Buy/Drive/Burn: V12 Luxury Coupes to Drain Your Wallet in 1993

buy drive burn v12 luxury coupes to drain your wallet in 1993

They’re big, expensive, luxurious, and have 12 cylinders sitting under their long hoods. All of them will deplete your checkbook in multiple ways, but you can only take one home with you.

What’s it gonna be?

BMW 850Ci

BMW’s brand new 8 Series stormed onto well-funded driveways for the 1990 model year. The premium coupe offering from the Roundel brand, the 8 Series was without a predecessor. In development since 1981, BMW spent around $1 billion to get the new coupe just right. 8 Series cars were powered by V8 or V12 engines between 4.0- and 5.6-liters in displacement. BMW released the top of the line 850i version first, powered by a 5.0-liter V12 shared with the 7 Series sedan. Featuring drive-by-wire throttle and a six-speed manual, the 850Ci managed 296 horsepower and 330 lb-ft of torque. The 8 Series was a middling sort of expensive, asking $83,400.

Jaguar XJS

Certainly the oldest car here, Jaguar’s XJS launched in its original format in 1975. Revisions arrived for the 1982 model year, followed by a major refresh for the model’s final variant in 1992. Revised front and rear fascias, a modernized interior, and new engine choices brought the XJS into the Nineties. On offer were Jaguar’s new 4.0-liter inline-six and V12 engines of 5.3- or 6.0-liters of displacement, depending on the year. 1993 was the debut of the largest V12, paired to a four-speed automatic for the North American market. This gentleman’s express featured 318 horsepower and 336 lb-ft of torque. At the time, the XJS was the cheapest of our trio by a wide margin at $59,750.

Mercedes-Benz 600 SEC

The brand new W140 series S-Class took the world by storm for the 1992 model year, replacing the frankly epic W126 sedan and coupe. Available from the get-go in North America, what would eventually become known as the S500 and S600 Coupe carried 500 SEC and 600 SEC labels for ’92 and ’93. All engines for the coupe were of eight or 12 cylinders, the former being the 5.0-liter M119 engine, and the latter the 6.0-liter M120. The V12 was always matched to a five-speed automatic transmission, which restrained 389 horsepower and 347 lb-feet of torque. By far the most advanced and expensive car here, the 600 SEC asked a whopping $132,000.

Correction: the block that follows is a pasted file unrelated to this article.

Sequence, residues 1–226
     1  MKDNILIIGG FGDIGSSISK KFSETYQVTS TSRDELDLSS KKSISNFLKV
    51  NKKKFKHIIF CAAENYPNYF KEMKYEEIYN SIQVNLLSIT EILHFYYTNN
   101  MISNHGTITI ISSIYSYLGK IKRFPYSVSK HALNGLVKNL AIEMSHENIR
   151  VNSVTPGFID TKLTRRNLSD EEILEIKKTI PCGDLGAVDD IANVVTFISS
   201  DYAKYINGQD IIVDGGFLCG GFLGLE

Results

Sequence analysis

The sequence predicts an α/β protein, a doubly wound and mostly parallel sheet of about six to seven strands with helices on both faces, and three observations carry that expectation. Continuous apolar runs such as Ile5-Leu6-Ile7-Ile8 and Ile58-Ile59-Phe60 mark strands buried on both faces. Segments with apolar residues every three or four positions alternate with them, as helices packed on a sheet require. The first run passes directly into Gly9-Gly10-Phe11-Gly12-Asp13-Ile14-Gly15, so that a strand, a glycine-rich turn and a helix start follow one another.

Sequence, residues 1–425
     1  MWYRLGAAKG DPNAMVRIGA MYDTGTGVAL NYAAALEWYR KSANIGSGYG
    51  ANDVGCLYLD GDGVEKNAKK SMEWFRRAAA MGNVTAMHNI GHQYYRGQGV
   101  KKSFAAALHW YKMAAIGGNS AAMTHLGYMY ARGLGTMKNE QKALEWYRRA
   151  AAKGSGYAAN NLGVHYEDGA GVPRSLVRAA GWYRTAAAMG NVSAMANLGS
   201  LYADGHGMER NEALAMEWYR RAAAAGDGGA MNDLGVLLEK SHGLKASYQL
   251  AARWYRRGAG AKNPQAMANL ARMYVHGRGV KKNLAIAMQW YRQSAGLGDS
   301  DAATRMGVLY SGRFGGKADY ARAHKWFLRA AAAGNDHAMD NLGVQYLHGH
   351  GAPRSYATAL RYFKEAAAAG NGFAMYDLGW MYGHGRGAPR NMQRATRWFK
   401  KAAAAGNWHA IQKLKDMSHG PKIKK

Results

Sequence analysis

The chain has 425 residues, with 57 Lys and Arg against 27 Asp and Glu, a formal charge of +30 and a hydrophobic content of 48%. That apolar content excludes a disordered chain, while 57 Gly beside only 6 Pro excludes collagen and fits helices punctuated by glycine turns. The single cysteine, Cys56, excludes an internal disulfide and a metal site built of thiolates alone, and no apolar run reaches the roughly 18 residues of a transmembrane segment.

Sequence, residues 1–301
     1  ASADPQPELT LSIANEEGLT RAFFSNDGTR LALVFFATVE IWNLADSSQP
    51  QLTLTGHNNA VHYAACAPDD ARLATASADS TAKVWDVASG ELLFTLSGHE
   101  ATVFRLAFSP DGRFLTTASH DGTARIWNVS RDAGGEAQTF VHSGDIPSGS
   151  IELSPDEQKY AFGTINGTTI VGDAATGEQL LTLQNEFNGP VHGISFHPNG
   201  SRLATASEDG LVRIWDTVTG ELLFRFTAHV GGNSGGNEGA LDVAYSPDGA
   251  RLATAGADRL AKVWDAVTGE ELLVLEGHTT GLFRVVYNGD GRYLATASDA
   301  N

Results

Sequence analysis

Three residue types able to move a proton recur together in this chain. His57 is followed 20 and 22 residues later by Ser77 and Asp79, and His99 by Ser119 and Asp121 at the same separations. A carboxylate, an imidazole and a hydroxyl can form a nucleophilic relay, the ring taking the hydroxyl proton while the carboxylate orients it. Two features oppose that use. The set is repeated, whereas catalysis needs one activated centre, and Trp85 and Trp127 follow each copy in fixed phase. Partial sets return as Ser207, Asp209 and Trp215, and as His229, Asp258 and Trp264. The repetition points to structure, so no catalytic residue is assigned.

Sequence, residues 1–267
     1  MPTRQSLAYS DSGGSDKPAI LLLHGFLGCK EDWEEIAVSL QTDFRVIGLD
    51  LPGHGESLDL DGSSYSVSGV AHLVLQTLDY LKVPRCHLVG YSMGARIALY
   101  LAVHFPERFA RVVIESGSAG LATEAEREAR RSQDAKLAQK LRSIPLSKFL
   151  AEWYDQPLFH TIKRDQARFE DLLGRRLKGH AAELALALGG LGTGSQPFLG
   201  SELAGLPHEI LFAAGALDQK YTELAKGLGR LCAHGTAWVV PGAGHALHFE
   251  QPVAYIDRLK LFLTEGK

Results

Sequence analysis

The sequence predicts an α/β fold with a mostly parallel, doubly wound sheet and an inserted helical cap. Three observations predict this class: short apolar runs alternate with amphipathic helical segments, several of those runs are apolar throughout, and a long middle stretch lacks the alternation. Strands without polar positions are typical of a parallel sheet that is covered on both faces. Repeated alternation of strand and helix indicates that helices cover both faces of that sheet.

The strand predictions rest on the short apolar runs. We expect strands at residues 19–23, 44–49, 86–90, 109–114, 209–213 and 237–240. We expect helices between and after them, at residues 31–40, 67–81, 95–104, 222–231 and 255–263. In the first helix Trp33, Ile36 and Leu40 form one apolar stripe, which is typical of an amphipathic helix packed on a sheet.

Three price points and 36 total cylinders. Which one is worth buying?

[Images: Mercedes-Benz, Jaguar, BMW]

Join the conversation
2 of 65 comments
  • Lightspeed Lightspeed on Oct 05, 2018

    LSX swap into all of them

  • Gearhead77 Gearhead77 on Oct 08, 2018

    I always liked the 8 series and you can get in a manual= buy My folks had a 1995 W140 S320 they bought used around 1998. It was a good car in I-6 form, it would have been better with the V8 or V12. The last MB built to a standard, not a price. Drive the Mercedes, because the BMW would be a better driver. Not a huge fan of the styling of the MB in coupe form though. Burn the Jag. I don't have much love for these cars, but if the right one showed up...

  • Arthur Dailey For the Hornet less expensive interior materials/finishings, decontent just a little, build it in North America and sell it for less and everyone should be happy with both the Dodge and the Alfa.
  • Bunkie I so wanted to love this car back in the day. At the time I owned a GT6+ and I was looking for something more modern. But, as they say, this car had *issues*. The first of which was the very high price premium for the V8. It was a several thousand dollar premium over the TR-7. The second was the absolutely awful fuel economy. That put me off the car and I bought a new RX-7 which, despite the thirsty rotary, still got better mileage and didn’t require premium fuel. I guess I wasn’t the only one who had this reaction because, two years later, I test-drove a leftover that had a $2,000 price cut. I don’t remember being impressed, the RX-7 had spoiled me with how easy it was to own. The TR-8 didn’t feel quick to me and it felt heavy. The first-gen RX was more in line with the idea of a light car that punched above its weight. I parted ways with both the GT6+ and the RX7 and, to this day, I miss them both.
  • Fred Where you going to build it? Even in Texas near Cat Springs they wanted to put up a country club for sport cars. People complained, mostly rich people who had weekend hobby farms. They said the noise would scare their cows. So they ended up in Dickinson, where they were more eager for development of any kind.
  • MaintenanceCosts I like the styling of this car inside and out, but not any of the powertrains. Give it the 4xe powertrain - or, better yet, a version of that powertrain with the 6-cylinder Hurricane - and I'd be very interested.
  • Daniel J I believe anyone, at any level, should get paid as much as the market will bear. Why should CEOs have capped salaries or compensation but middle management shouldn't? If companies support poor CEOs and poor CEOs keep getting rewarded, it's up to the consumer and investors to force that company to either get a better CEO or to reduce the salary of that CEO. What I find hilarious is that consumers will continue to support companies where the pay for the CEOs is very high. And the same people complain. I stopped buying from Amazon during the pandemic. Everyone happily buys from them but the CEO makes bank. Same way with Walmart and many other retailers. Tim Cook got 100m in compensation last year yet people line up to buy Iphones. People who complain and still buy the products must not really care that much.